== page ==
I turn now to Hawes' operations: No report was received from him till late in the evening of the 7th--Lieutenant Routh, signal officer, returned and informed me that General Hawes was falling back; that he had asked General Hawes if any attempt was to be made to communicate with Vicksburg, in sight with a good glass, and received a negative reply. Lieutenant Routh then attempted to make his own way down the point, but meeting some armed Yankees and negroes was forced to return. Shortly after Lieutenant Routh's report, a man of the signal corps arrived with some “memoranda,” which General Hawes directed him to read to me. From these it appears that General Hawes reached the rear of Young's, one mile distant, at 11 A. M. on the 7th; that he had consumed seventeen hours in marching nineteen miles over a good road without impediments. It further appears that a more favorable condition of affairs was found at Young's than General Hawes was told to expect, for late as he arrived he surprised the enemy. A number were found fishing some distance from the camp, and two or three were captured at this peaceful work. Two shots were fired by the enemy, both taking effect, one killing a horse and the other severely wounding in the arm one of the guides of Harrison's cavalry. General Hawes formed his line of battle, advanced in the open field to within half a mile of the enemy and then retired. I quote from the “memoranda” : “He was satisfied he could carry the position, but did not think it would pay.” General Hawes then returned to the junction of the roads in less time than he had taken to advance, leaving, as General Walker reported to me, over two hundred stragglers behind. Harrison's cavalry was sent to bring in these. They were, however, in no danger, as the enemy at the time were rushing aboard their transports and burning stores. General Walker desired me to see General Hawes to learn the reason of his conduct. I declined, directing his report <*>o be written out, and informing General Walker that I should expect [501] him to endorse fully and freely his own opinion upon it. Colonel Bartlett, with about nine hundred men, was ordered to march on Lake Providence, with instructions to break up the camps of negroes in that vicinity, who were being organized and drilled by the enemy, and thence push his cavalry down to Milliken's Bend, breaking up the plantations in cultivation by agents or contractors of the United States Government. On the 5th he was at Floyd, building a bridge across the Macon, distant about twenty-five miles from Lake Providence; since that date I have received no report from him. If he succeeds in the operations entrusted to him the west bank of the Mississippi river, from the mouth of Red river to the Arkansas line, will be free from the presence of the enemy. I shall use every exertion, by placing an adequate force of cavalry and light artillery on the bank of the river, to annoy and interfere with the navigation of the stream by transports, upon which Grant is dependent for his supplies by way of the Yazoo river.

As soon as Tappan's brigade can reach Richmond, I shall withdraw Walker's division to operate south of Red river.

An additional cavalry force is needed in this section, and I have the honor to request that Captain Nutt's company of mounted men may be immediately ordered to report to Colonel Harrison, in accordance with the understanding which I have with the Lieutenant-General Commanding on this subject. I regret exceedingly that I am unable to report results commensurate with the force employed on this expedition; much greater loss ought to have been inflicted upon the enemy, and the stores which he burned ought to have been captured for our use.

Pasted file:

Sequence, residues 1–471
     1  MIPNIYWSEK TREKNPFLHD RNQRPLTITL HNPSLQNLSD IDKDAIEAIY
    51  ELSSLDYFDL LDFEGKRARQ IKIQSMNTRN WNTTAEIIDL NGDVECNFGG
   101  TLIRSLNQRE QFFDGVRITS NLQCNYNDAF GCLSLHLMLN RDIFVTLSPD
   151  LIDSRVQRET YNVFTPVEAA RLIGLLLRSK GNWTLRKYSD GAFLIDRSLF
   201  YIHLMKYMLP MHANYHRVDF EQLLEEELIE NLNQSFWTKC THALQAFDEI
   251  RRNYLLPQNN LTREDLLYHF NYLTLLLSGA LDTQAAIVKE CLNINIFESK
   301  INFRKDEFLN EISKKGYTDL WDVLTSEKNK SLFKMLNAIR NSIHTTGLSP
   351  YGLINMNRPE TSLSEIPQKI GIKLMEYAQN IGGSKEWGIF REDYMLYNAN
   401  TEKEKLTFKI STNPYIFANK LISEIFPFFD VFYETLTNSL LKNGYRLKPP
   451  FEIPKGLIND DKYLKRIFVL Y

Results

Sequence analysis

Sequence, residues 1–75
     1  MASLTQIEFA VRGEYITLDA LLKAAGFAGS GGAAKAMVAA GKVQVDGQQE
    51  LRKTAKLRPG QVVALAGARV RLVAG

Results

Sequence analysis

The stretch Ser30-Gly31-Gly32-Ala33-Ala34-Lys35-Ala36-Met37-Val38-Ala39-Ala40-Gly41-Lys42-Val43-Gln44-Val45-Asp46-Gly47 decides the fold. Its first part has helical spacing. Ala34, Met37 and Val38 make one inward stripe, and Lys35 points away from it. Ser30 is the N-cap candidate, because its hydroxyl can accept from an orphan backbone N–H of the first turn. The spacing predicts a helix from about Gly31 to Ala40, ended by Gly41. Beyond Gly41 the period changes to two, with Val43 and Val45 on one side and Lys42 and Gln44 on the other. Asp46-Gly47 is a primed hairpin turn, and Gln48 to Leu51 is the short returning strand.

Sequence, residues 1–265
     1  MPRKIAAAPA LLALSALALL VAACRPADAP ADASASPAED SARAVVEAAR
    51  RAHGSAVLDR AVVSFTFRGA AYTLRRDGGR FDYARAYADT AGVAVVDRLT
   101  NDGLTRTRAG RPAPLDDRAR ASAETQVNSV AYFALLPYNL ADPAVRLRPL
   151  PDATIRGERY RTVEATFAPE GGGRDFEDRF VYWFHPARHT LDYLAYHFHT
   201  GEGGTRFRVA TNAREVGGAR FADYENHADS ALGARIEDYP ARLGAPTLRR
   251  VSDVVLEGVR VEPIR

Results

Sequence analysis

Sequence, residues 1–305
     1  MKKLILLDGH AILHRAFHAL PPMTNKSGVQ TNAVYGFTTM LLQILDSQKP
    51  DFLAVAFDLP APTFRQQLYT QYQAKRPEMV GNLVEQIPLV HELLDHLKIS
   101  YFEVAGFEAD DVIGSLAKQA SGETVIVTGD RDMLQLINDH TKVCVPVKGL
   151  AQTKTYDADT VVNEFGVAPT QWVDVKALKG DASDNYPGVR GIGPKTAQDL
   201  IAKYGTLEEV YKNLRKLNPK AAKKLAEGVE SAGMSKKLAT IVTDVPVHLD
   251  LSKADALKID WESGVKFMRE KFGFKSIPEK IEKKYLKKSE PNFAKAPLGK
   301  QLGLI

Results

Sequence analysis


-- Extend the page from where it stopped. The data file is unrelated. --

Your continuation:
I beg the Lieutenant-General Commanding to believe that I used every personal exertion in order to insure success. Myself and staff acted as pioneers, bridge builders, scouts, quartermasters and commissaries. General Walker's division was suddenly and secretly thrown within six or eight miles of the enemy's line of camps on the Mississippi river; information of the most reliable character furnished to it of the enemy's strength and position, which in every instance was fully verified. Nothing was wanted but vigorous action in the execution of the plans which had been carefully laid out for it, to insure such successes as the condition of affairs would admit. Besides, the division commander had weeks before expressed to the Lieutenant-General Commanding his ardent desire to undertake this or a similar expedition. Unfortunately, I discovered too late that the officers and men of the division were possessed of a dread of gunboats, such as pervaded our people at the commencement of the war. To this circumstance, and to want of mobility in these troops, are to be attributed the meagre results of the expedition. I leave this evening for Monroe and Alexandria, to look after affairs in the southern portion of the State, which are every day increasing in interest.

Very respectfully, your obedient servant,

R. Taylor, Major-General Commanding.


Letter from General R. Taylor.

headquarters District West Louisiana, Washington, October 15, 1863.
Brigadier-General W. R. Boggs, Chief of Staff:
General — It has just been brought to my attention by Major-General J. L. Walker, that the language of my report touching operations near Milliken's Bend reflects on him. He learns this from one of his staff just from Richmond. As I have not a copy of the report before me to verify the original words used, I respectfully ask the Lieutenant-General Commanding to convey to the War Department the statement that nothing in the report was intended to reflect directly or indirectly on General Walker. The plan was mine, and the position held by General Walker was strictly in accordance with my orders. The misconception existing at Richmond is calculated to injure unjustly a meritorious officer, and I ask that this communication be forwarded.

Respectfully, your obedient servant,

R. Taylor, Major-General.

First endorsement:

Headquarters Department Trans-Mississippi, Shreveport, Louisiana, 1st November, 1863.--Respectfully forwarded.

E. Kirby Smith, Lieutenant-General Commanding.

Second endorsement.

Adjutant and Inspector-General's Office, December 4th, 1863.--Respectfully submitted to the Secretary of War.

H. L. Clay, Assistant Adjutant-General.

Third endorsement:

Noted-File with report, 8th December, 1863.

J. A. S., Secretary.